The California Series in Public Anthropology is a groundbreaking collection of books that share a common goal: to emphasize the anthropologist’s role as an engaged intellectual. Books in the series affirm anthropology’s commitment to bearing ethnographic witness, to describing, through stories, how life is lived beyond the borders of many readers’ experiences. But it also adds a commitment through ethnography to reframing the terms of public debate—transforming received, accepted understandings of social issues with new insights and frameworks. Launched in 2001 by Robert Borofsky, the series includes seminal books by anthropologists Paul Farmer, Philippe Bourgois, Aihwa Ong, Arthur Kleinman, Margaret Lock, Seth Holmes, Carolyn Nordstrom, Didier Fassin, Jason De León, and David Vine.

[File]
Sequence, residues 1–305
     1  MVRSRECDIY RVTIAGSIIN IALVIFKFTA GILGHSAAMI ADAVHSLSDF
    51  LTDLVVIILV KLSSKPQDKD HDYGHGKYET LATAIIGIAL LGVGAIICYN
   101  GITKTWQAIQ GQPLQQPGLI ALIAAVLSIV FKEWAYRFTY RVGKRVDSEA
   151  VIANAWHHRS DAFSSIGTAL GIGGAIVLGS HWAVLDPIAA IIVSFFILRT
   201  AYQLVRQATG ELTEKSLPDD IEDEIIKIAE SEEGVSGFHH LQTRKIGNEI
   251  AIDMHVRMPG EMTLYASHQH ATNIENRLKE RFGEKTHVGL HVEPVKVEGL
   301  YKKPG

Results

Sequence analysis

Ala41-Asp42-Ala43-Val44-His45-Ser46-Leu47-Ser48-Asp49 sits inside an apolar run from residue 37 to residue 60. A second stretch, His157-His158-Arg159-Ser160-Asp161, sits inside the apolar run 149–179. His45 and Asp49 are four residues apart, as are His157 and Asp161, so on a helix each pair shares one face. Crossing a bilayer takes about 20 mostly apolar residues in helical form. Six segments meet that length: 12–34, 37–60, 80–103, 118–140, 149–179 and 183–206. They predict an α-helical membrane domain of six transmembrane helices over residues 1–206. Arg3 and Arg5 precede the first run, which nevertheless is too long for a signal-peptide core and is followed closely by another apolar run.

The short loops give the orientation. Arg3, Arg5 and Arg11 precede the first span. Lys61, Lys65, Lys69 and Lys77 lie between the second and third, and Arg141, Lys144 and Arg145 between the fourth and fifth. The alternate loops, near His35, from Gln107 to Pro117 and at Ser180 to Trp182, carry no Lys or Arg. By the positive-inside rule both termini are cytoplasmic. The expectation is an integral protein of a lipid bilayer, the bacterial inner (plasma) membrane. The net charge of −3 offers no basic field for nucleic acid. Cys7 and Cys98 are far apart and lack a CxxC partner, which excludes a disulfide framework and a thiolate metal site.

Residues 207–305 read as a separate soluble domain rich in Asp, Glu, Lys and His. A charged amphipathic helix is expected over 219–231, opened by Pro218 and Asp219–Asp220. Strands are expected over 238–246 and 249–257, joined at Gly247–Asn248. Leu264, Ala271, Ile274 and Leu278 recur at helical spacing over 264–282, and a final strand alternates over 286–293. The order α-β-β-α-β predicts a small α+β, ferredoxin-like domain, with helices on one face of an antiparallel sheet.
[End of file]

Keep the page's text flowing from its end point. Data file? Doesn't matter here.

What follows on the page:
Series editor Ieva Jusionyte partnered with Watson Institute for International and Public Affairs to host the New Books in Public Anthropology Virtual Café, an event to discuss the exciting releases in the series. This year’s event featured comments from:

Learn more about the series